Aloha. Peace. Shalom. Life. Love.

In a single word, these are some of the ways people have described the Lantern Floating Hawaii ceremony that takes place each year in Hawaii. Tens of thousands flock to Ala Moana Beach Park to witness a multi-cultural ceremony that concludes at sunset with the release of some 5,000 glowing lanterns into the ocean—each one bearing messages of love and remembrance in honor of those who have died.

Individual vessels of light merge into a sea that sparkles with the emotions it transports. It's a personal moment to reflect and offer gratitude to those who came before us. And it's a collective experience where families, friends and even strangers reach out with love and understanding to support one another.

The dual nature of the Lantern Floating Hawaii experience—both personal and universal—aptly describes the philosophy of its organizer, Na Lei Aloha Foundation, the secular arm of the Shinnyo-en Buddhist Order in Hawaii. At its core is a belief that, different as we are, by coming together and getting to know each other, each one of us can cultivate the Buddha nature that is inherent in all of us.

Na Lei Aloha Foundation, named by Aunty Malia Craver to mean "many lei of embracement," is quietly, but profoundly, helping to make Hawaii a better place, simply by bringing people together in ways that uncover how much we have in common. "Recognizing our commonalities can be a starting place for respect and cooperation to grow," says Roy Ho, executive director of Na Lei Aloha, "and the foundation for a more peaceful world."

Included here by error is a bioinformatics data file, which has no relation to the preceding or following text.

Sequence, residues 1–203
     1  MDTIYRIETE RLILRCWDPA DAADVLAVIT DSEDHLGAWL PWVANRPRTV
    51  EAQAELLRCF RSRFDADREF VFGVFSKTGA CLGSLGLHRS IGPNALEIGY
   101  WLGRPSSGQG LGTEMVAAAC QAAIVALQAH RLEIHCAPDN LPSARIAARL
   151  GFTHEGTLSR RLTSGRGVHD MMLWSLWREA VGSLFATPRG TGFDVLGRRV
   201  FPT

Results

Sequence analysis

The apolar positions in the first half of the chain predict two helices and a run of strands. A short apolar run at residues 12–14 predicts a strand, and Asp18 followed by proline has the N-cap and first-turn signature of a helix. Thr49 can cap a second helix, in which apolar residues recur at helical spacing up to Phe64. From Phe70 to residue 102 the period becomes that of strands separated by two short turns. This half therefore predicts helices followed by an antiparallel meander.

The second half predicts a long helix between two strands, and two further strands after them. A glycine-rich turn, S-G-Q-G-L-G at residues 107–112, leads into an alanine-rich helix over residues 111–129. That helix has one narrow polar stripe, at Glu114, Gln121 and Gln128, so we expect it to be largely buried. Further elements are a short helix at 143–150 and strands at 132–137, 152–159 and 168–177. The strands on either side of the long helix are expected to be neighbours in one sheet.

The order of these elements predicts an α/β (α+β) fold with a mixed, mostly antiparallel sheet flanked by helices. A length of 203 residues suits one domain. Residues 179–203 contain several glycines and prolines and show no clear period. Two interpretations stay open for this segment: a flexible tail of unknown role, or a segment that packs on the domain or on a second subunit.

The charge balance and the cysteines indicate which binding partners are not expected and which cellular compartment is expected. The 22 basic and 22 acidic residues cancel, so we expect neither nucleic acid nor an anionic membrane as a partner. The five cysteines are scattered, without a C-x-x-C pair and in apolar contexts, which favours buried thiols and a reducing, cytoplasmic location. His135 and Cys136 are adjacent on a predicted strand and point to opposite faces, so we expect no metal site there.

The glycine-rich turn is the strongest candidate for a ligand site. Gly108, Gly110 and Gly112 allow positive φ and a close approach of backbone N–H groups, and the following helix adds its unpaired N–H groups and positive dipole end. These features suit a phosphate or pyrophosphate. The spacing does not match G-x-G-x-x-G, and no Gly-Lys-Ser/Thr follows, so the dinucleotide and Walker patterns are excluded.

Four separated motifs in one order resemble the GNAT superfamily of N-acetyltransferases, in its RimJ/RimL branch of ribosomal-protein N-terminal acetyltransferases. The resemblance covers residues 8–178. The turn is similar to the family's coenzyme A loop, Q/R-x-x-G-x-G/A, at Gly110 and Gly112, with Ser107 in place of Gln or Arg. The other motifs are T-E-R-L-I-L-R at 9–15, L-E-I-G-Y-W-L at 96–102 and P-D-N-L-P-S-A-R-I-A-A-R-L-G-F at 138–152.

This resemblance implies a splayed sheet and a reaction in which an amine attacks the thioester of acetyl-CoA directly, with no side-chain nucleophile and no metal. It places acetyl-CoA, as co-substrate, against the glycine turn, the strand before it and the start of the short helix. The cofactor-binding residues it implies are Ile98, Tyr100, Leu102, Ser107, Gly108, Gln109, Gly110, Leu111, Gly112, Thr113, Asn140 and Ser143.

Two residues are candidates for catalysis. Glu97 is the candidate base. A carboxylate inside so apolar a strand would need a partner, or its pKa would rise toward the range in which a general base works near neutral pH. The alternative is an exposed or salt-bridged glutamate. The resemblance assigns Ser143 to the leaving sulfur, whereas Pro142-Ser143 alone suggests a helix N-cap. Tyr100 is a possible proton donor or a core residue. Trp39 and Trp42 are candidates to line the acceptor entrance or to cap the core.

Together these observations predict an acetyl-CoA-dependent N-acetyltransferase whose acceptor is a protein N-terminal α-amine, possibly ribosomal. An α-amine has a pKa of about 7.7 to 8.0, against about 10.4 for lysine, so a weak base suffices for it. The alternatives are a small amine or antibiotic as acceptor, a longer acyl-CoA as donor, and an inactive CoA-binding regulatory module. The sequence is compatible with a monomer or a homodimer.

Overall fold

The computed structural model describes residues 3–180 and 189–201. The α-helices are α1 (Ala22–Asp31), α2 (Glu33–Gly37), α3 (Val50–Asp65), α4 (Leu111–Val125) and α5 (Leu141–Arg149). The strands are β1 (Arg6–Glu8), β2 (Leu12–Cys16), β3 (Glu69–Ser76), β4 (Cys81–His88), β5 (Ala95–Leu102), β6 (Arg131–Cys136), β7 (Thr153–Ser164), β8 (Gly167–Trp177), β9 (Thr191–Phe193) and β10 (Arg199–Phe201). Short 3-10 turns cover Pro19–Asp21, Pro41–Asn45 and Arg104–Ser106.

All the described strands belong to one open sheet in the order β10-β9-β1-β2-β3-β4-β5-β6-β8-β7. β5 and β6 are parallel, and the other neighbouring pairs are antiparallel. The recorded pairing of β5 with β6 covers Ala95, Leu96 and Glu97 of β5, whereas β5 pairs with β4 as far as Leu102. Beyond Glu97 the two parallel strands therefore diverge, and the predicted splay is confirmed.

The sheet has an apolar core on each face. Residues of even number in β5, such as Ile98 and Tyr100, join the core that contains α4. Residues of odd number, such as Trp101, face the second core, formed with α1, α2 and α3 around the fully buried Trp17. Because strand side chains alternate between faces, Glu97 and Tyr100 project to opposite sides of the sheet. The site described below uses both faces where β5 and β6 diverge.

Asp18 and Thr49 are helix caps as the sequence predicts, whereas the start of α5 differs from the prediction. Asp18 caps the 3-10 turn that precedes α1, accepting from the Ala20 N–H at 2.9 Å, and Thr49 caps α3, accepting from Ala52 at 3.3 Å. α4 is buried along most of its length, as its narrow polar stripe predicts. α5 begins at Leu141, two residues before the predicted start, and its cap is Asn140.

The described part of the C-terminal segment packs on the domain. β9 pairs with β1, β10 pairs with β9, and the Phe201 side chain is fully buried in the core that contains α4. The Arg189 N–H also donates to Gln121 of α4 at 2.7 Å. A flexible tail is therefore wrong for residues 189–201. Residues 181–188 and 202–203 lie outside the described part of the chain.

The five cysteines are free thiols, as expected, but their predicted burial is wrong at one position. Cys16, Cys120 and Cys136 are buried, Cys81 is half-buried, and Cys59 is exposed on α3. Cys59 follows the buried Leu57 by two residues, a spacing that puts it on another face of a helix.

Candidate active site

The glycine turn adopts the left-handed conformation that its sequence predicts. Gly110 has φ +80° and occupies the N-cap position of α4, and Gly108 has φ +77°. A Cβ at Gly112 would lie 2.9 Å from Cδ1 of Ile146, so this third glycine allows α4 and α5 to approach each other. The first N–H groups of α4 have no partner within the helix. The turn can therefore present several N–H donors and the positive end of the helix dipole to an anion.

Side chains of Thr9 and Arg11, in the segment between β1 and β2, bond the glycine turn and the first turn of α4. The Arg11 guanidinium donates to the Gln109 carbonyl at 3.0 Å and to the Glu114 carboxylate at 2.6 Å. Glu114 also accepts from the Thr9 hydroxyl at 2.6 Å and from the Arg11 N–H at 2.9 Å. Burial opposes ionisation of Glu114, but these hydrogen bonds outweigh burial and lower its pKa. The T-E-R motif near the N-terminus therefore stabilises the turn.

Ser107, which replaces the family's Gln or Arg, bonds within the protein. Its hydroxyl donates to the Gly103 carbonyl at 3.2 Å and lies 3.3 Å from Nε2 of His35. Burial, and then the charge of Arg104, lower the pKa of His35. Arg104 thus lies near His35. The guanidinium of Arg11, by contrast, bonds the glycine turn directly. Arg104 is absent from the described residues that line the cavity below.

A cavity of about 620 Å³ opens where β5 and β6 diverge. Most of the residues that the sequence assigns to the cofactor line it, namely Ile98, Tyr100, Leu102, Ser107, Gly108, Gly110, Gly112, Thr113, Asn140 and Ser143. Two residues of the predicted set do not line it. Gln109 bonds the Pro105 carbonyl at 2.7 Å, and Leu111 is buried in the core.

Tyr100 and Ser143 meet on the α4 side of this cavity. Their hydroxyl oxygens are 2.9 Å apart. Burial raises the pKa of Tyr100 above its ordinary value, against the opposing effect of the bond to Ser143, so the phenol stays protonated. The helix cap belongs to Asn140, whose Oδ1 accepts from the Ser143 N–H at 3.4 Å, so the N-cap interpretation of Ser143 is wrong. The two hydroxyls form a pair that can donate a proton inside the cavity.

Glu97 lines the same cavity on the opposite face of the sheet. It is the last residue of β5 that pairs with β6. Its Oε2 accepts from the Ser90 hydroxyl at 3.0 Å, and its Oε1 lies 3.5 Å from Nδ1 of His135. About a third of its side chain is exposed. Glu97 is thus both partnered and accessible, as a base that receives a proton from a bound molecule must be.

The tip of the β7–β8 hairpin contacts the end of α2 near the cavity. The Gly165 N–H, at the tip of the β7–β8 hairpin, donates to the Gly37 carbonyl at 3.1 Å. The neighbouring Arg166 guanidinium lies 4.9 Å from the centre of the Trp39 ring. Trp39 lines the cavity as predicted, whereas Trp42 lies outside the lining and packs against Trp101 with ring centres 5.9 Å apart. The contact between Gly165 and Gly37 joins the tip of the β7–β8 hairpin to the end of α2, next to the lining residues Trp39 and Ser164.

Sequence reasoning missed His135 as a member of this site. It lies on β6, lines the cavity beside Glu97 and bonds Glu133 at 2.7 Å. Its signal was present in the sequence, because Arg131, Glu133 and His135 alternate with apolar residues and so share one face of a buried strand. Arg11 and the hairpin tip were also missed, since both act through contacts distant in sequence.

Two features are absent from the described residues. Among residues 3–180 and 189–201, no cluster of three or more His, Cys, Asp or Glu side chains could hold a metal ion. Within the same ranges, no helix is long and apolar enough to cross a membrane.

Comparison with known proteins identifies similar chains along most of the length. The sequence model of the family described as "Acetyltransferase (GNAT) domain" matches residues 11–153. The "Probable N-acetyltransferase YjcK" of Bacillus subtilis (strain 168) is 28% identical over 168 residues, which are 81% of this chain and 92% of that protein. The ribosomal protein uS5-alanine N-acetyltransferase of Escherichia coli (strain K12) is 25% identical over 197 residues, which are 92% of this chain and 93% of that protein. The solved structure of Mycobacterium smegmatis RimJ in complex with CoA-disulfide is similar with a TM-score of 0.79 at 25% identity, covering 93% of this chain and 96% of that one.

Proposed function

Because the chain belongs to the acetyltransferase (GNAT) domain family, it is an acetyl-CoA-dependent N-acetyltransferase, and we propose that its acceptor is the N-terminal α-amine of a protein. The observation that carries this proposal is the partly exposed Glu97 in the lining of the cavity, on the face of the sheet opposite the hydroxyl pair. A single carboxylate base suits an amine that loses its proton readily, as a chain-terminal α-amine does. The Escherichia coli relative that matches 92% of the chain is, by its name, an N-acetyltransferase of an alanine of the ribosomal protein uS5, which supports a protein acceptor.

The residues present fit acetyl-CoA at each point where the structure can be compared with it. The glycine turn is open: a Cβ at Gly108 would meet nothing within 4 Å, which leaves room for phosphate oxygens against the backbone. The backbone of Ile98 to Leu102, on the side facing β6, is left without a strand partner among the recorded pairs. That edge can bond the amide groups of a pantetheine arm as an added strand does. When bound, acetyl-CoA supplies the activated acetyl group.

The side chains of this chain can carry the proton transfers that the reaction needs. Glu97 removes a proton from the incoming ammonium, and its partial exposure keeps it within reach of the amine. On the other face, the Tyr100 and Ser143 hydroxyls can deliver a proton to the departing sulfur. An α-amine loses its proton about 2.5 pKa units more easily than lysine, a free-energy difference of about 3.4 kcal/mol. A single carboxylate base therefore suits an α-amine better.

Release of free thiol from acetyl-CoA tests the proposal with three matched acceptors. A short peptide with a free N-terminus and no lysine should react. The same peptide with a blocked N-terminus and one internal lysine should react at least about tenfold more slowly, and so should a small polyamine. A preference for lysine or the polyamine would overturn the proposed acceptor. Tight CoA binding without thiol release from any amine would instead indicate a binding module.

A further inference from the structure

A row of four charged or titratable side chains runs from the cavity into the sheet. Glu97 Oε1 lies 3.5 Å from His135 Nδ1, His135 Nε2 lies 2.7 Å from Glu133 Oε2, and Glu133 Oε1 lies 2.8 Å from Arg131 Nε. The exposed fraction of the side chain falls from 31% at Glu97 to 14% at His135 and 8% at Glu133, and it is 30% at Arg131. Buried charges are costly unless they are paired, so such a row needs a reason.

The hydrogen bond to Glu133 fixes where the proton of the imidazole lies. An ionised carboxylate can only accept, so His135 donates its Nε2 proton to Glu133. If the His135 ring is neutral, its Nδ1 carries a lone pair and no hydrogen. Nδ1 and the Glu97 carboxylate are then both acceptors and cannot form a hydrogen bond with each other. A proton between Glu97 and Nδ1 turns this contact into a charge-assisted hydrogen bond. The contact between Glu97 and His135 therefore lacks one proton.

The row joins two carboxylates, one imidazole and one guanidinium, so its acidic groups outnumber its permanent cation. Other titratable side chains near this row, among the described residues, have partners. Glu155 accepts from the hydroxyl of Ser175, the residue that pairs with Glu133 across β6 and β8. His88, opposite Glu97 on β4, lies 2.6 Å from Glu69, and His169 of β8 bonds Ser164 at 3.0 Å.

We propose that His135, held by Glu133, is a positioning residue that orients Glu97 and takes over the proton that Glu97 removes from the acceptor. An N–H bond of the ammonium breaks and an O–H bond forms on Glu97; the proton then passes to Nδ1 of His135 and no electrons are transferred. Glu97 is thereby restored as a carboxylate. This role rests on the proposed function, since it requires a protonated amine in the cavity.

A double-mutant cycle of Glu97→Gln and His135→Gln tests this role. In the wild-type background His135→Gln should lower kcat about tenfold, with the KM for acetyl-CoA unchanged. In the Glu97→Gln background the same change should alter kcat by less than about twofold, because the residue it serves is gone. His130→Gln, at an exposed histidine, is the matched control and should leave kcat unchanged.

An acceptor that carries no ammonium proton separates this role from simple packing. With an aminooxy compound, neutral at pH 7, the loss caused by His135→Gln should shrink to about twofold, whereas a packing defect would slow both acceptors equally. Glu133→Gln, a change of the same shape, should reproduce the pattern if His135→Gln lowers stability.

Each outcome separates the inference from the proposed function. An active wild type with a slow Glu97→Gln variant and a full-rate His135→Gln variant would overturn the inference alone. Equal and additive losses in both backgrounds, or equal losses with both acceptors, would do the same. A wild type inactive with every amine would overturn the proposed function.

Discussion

The process of creating harmony in diversity is one that has special resonance in Hawaii. It’s no wonder that the first Shinnyo-en congregation outside of Japan was founded here, and now has 4,000 members. Still, its emphasis is not on religion, but on relationships.

At its Bridge of Friendship gatherings each fall, Na Lei Aloha Foundation invites people who are committed to the community to participate in a half-day event whose primary purpose is to encourage meaningful conversations among participants. Unlike most conferences, nametags do not include an individual's organization and people are seated by which word they are drawn to—whether friendship, knowledge, flexibility, patience, kindness, or courage. The annual theme is revealed only as the event unfolds and the experience yields all kinds of valuable connections, from new friendships to professional partnerships.

In everything they do, whether hosting unforgettable events or distributing grants to invited organizations, the people of Na Lei Aloha Foundation understand that each act of goodness—however small—can have far-reaching effects. And reminding us that we are all interconnected means that we all share responsibility for creating the world we want to live in... one light at a time.